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(Message started by: florida on Aug 17th, 2006, 10:42am)

Title: Just once I want to see a job posting that says:
Post by florida on Aug 17th, 2006, 10:42am
NO EXPERIENCE NECESSARY.  






Seriously, how is it that NO ONE is willing to train a guy.  I am smart.  I am a quick learner.  I think this is demonstrated by the fact that I have a Mechanical Engineering degree, I passed the patent bar, and I am a 3L at a good law school.  Yet, apparently this isn't enough to get anyone to invest a little time into training me.

Title: Re: Just once I want to see a job posting that say
Post by justdoit on Aug 17th, 2006, 3:08pm
Go work for the patent office.
No experience is necessary.
Just do it.
I did it.
I ate humble pie ... mmm, humble pie.
After I did it ... a firm hired me ... mmm, more humble pie.
You can do it.
After you do it ... a firm will hire you.
So just do it.
Now go ... eat humble pie.


Title: Re: Just once I want to see a job posting that say
Post by smgsmc on Aug 17th, 2006, 5:24pm
Here's how a patent attorney in a law firm explained it to me.  $$ are all driven by billable hours.   From their experience, a person with zippo experience comes in at 50% efficiency.  That is, if an experienced attorney (or agent) can do the job in 1 hr, the beginner will take 2.  The law firm can't simply bill a client twice as much because his case has been assigned to someone who works twice as slow.  That means that the law firm has to eat the $$ (which is partly offset by a low starting salary).  Assuming the beginner is competent, his efficiency rises to 75% after one year and to 90% after the second year.   Hiring someone with no experience is a major investment, because a senior person's time is chewed up training the new guy and reviewing his work to make sure it's been done right.  If the new guy doesn't work out, a lot of time (=$$) has been wasted.  Better to let another law firm take that risk.  You need some special hook.  I'll be starting a job hunt in a month, so I'll find out whether I have one.

Title: Re: Just once I want to see a job posting that say
Post by smgsmc on Aug 17th, 2006, 5:30pm

on 08/17/06 at 15:08:26, justdoit wrote:
Go work for the patent office.
No experience is necessary.
Just do it.
I did it.
I ate humble pie ... mmm, humble pie.
After I did it ... a firm hired me ... mmm, more humble pie.
You can do it.
After you do it ... a firm will hire you.
So just do it.
Now go ... eat humble pie.



One issue that frequently pops up in exams:  If a patent examiner leaves the patent office, he can't prosecute cases until after a year.  Am I interpreting the rule correctly?  So what do you do for that one year hold interval?  (Other than getting obese from too much humble pie).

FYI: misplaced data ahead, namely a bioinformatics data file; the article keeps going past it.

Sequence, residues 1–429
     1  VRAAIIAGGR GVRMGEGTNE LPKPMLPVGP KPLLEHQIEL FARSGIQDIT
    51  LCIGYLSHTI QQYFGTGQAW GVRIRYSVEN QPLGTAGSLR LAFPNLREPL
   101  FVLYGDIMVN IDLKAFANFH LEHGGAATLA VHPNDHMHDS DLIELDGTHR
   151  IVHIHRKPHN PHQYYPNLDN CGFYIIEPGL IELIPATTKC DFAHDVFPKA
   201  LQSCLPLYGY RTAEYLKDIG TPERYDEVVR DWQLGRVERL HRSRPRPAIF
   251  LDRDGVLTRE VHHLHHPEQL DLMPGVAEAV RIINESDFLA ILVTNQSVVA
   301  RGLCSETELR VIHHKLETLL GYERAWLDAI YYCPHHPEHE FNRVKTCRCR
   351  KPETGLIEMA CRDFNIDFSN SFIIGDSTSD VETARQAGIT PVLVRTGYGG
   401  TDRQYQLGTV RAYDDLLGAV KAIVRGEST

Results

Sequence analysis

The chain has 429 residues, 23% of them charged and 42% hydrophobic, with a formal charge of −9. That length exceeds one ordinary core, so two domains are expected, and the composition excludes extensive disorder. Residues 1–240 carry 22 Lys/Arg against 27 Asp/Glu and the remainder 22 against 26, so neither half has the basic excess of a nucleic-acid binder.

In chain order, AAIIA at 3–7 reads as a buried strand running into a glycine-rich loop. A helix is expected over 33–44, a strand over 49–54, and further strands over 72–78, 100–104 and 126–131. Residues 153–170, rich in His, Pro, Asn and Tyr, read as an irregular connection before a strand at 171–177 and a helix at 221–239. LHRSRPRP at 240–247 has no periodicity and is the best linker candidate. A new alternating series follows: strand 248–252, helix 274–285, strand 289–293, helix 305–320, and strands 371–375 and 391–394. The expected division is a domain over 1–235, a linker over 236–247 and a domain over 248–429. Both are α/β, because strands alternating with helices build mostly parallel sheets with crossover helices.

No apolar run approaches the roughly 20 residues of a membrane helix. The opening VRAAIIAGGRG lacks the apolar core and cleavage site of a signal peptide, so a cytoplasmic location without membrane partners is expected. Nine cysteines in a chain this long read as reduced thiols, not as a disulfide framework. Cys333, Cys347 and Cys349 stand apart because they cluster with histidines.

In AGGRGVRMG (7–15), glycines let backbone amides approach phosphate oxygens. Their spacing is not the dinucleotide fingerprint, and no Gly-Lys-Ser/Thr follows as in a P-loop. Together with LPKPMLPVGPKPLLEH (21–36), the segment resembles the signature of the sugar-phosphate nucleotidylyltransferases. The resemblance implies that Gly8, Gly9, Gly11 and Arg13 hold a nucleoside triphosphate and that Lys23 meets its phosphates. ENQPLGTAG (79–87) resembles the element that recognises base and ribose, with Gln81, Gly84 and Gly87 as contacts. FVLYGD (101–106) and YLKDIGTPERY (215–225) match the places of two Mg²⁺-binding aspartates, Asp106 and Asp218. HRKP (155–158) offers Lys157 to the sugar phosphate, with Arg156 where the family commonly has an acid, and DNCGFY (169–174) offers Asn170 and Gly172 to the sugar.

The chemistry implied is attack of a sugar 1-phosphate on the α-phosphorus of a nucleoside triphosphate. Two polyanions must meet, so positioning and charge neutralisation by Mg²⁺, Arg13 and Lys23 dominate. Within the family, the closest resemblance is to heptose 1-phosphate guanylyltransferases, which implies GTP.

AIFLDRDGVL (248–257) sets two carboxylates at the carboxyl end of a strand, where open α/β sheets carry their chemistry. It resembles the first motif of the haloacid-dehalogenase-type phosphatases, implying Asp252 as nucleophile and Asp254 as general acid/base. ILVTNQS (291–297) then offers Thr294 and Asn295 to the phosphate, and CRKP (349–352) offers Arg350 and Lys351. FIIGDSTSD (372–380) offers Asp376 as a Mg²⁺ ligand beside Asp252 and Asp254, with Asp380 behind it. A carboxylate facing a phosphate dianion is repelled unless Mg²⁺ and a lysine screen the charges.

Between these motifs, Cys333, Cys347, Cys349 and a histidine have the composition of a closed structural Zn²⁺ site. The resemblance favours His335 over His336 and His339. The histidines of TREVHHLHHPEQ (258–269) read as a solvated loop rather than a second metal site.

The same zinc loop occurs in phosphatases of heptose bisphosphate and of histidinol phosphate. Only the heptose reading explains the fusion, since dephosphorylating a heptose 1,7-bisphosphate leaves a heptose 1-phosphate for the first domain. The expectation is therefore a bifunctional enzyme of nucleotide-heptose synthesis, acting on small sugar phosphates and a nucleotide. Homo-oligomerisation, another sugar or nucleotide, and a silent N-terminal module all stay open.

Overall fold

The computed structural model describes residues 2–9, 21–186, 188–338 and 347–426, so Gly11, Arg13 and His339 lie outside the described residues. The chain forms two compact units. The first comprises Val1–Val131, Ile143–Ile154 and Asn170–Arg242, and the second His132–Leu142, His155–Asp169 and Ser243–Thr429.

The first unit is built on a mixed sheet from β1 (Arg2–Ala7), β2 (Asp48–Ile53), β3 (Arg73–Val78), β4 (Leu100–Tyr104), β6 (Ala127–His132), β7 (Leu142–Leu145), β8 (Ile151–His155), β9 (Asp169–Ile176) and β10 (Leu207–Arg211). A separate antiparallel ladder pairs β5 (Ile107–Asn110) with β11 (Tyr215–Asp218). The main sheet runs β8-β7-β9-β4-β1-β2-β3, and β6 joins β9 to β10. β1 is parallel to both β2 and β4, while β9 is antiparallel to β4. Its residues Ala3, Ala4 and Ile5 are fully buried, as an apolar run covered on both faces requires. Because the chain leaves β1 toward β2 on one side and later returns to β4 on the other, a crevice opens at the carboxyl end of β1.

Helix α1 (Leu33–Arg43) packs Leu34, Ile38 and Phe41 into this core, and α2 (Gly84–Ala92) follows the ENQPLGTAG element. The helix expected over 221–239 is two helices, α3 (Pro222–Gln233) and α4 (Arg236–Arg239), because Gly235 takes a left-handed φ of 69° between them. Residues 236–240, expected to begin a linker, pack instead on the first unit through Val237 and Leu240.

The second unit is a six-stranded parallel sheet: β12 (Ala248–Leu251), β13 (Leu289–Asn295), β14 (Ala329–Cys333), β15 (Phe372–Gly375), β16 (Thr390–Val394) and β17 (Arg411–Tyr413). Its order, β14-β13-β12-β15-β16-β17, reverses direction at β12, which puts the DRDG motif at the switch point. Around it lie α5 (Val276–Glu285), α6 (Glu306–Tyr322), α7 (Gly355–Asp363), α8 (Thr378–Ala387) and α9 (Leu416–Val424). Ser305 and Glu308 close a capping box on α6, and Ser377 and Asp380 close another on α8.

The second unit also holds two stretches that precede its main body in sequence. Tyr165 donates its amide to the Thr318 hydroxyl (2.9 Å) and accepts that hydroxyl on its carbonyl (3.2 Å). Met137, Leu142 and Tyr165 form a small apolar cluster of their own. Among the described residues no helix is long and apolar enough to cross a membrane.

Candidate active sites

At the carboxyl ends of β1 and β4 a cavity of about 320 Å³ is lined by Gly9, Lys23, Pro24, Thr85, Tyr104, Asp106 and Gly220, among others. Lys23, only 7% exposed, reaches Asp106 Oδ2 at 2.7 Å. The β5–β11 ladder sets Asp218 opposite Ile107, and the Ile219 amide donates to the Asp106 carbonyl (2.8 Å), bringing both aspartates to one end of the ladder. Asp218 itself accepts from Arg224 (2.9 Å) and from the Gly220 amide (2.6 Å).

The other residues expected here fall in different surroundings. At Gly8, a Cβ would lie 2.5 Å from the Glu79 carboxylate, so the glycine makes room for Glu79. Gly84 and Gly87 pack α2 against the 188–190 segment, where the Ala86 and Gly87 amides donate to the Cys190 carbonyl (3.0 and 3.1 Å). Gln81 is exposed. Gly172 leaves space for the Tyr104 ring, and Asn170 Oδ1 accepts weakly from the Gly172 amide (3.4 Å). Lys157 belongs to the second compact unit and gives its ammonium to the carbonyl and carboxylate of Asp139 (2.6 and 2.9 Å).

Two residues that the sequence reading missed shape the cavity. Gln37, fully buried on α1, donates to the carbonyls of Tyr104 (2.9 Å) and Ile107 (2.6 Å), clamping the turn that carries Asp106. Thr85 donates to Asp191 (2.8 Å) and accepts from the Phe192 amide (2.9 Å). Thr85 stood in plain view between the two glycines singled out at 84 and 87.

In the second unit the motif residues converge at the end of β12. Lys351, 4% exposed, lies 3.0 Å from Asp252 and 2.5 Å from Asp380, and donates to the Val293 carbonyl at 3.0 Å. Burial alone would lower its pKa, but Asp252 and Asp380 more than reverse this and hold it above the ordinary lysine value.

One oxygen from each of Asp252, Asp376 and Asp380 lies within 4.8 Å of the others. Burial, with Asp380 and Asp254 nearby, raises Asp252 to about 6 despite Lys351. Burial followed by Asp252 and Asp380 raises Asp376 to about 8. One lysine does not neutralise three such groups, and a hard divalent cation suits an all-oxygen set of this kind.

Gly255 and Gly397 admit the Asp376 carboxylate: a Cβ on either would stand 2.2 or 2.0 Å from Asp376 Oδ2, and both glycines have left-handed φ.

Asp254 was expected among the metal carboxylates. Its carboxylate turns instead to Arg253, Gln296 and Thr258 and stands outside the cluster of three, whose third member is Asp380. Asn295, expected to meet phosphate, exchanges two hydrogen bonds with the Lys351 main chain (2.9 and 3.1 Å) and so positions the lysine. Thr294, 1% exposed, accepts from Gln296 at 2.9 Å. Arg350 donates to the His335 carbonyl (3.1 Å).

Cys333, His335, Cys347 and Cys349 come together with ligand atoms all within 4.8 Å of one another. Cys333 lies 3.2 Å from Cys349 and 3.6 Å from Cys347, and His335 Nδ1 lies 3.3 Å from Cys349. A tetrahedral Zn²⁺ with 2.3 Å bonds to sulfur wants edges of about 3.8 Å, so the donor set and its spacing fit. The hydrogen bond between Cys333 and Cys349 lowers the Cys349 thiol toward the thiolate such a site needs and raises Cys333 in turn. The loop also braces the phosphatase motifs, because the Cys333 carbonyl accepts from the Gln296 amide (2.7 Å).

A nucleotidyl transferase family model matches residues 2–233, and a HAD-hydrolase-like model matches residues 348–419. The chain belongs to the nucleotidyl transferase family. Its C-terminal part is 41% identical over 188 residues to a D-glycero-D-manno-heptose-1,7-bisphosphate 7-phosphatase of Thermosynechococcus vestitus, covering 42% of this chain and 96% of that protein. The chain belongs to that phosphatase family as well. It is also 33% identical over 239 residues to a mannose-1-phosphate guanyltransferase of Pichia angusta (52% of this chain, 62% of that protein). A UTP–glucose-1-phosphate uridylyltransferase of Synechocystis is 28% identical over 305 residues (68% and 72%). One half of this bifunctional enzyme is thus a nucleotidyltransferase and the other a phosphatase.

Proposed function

Title: Re: Just once I want to see a job posting that say
Post by smgsmc on Aug 17th, 2006, 5:31pm

on 08/17/06 at 15:08:26, justdoit wrote:
Go work for the patent office.
No experience is necessary.
Just do it.
I did it.
I ate humble pie ... mmm, humble pie.
After I did it ... a firm hired me ... mmm, more humble pie.
You can do it.
After you do it ... a firm will hire you.
So just do it.
Now go ... eat humble pie.



One issue that frequently pops up in exams:  If a patent examiner leaves the patent office, he can't prosecute cases until after a year.  Am I interpreting the rule correctly?  So what do you do for that one year hold interval?  (Other than getting obese from too much humble pie).

Title: Re: Just once I want to see a job posting that say
Post by Isaac on Aug 17th, 2006, 7:54pm

on 08/17/06 at 17:31:49, smgsmc wrote:
One issue that frequently pops up in exams: If a patent examiner leaves the patent office, he can't prosecute cases until after a year. Am I interpreting the rule correctly? So what do you do for that one year hold interval? (Other than getting obese from too much humble pie).


Not true.  There used to be a 2 year prohibition on working on cases assigned to the your old group and possibly even groups with closely related art.   That rule was dropped last year.  Now there is just a prohibition on matters you worked on.  



Title: Re: Just once I want to see a job posting that say
Post by florida on Aug 17th, 2006, 8:04pm
I just sent a resume to the USPTO for the AIPLA job fair.

Anything else you would recommend?

Title: Re: Just once I want to see a job posting that say
Post by justdoit on Aug 18th, 2006, 7:36am
When I applied for a job at the patent office, I went to their website and keyed lots of information myself.  People with bachelors degrees (or more) in science or engineering are likely to get offers. I didn't send a resume per se ... at least not hard-copy. I may have cut and pasted my resume into some entry box of some electronic form ... I don't recall. But I keyed data into a bunch of on-line electronic forms, hit submit, and wallah ... the phone rang a few days later.
Job.
Done.

The point I'm making is that a hard-copy e-mail can get lost or neglected before data entry into their system occurs.